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Thread: Alaska trip failure

  1. #1

    Alaska trip failure

    After spending about 4 years contemplating and planning my retirement trip to Alaska, I hit the road on July 31st. All was well until day 2 in western North Dakota. My 2004 Goldwing started misbehaving. Sometimes it started normally, sometimes only after some begging and pleading on my part. I continued on to the West Glacier area and got camp set up before heading to the Honda dealer in Kalispell. They were very good about squeezing me in to their schedule but the news was not good. The starter was failing, which is quite unusual for a Goldwing. They could get parts overnight air and fix it the next day, about a 6 hour project if things go well, but the bill would be around $1400! I decided at that point to bring it home and do the repair myself, ending my trip. I did get to ride Going to the Sun Road and some of the other area around Glacier, so not a total loss. I got home without any major problems, riding about 800 miles the last day. 5 days, 2600 miles. The bike repair went well, not extremely difficult, just time consuming. Start to finish it took me about 15 hours at a cost of around $225. After the repair I took another little ride across the north side of Lake Superior, down through Michigan, across Lake Michigan on the ferry from Ludington to Manitowoc and home to Deer River. Still a good summer, just not the one I had planned.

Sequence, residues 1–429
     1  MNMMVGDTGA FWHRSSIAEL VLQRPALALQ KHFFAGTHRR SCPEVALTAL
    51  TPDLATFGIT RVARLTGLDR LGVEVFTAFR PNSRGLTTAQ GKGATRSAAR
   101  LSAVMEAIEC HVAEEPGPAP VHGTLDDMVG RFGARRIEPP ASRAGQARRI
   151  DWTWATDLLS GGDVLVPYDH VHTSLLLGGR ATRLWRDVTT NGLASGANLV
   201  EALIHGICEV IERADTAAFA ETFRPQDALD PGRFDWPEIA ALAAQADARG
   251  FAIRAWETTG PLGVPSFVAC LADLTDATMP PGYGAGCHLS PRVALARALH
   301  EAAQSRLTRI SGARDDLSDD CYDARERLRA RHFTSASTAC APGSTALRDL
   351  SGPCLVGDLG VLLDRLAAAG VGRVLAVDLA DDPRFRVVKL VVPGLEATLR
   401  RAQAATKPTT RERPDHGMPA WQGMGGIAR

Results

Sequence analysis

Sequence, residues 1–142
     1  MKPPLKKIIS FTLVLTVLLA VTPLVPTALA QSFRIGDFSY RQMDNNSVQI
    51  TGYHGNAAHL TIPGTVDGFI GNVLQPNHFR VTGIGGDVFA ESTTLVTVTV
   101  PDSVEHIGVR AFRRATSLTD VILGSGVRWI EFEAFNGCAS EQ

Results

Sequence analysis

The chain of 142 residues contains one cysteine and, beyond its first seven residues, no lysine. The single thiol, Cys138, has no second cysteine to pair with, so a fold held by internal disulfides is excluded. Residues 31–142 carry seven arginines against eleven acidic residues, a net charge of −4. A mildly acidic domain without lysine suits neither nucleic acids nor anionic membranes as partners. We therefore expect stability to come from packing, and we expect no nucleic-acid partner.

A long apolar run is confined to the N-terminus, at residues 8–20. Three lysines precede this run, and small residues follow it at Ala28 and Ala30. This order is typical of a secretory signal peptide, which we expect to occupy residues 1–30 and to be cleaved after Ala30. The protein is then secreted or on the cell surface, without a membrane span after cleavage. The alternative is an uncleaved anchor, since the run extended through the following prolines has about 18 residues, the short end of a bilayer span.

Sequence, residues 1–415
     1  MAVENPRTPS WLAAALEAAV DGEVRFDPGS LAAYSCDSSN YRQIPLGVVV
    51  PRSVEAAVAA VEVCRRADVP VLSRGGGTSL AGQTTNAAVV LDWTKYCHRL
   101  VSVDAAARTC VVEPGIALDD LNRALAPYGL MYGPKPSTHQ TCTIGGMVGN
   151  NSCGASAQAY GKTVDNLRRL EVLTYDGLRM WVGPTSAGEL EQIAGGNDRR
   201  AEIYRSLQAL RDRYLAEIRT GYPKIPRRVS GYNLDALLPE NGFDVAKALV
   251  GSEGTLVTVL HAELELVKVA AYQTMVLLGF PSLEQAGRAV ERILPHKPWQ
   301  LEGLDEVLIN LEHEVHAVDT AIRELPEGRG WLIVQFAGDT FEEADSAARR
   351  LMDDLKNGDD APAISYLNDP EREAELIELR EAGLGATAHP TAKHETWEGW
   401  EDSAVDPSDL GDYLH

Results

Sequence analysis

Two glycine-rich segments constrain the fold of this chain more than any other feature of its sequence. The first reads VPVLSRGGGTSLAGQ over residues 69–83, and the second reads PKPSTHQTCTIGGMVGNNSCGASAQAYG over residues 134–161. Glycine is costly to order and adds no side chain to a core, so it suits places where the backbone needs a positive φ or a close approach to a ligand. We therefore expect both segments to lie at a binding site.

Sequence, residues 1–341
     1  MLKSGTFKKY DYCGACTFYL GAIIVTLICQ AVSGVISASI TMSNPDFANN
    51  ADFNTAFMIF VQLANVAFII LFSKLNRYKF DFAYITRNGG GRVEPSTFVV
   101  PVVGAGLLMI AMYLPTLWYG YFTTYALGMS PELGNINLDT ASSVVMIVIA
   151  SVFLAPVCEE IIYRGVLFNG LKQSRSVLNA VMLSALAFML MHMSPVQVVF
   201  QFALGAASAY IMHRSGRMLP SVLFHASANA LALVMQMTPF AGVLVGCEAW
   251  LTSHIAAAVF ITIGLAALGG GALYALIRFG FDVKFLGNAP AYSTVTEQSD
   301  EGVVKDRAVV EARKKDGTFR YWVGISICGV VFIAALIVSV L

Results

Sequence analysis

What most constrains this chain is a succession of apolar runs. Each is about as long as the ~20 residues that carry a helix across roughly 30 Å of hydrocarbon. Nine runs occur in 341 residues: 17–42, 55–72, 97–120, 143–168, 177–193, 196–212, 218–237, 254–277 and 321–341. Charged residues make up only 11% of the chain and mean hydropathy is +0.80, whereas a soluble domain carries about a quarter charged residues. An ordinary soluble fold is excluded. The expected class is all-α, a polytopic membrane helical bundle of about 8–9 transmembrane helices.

2. #2
    Parman's Avatar
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    Re: Alaska trip failure

    Sorry too hear of your misfortune. At least it happen here in the lower 48 before you got somewhere remote and got stranded and had to pay a bunch of money to get it resolved. I would assume that trip is back on your bucket list.
    "Sappers Lead the Way"
    US Army (Retired) Combat Engineer

  3. #3
    (Threadstarter)

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    Re: Alaska trip failure

    The thought of having a bigger problem mid-Yukon was one of my concerns. At that point I really couldn't afford the repair and couldn't chance continuing without it. Hoping to be back on track with it next summer, finances permitting.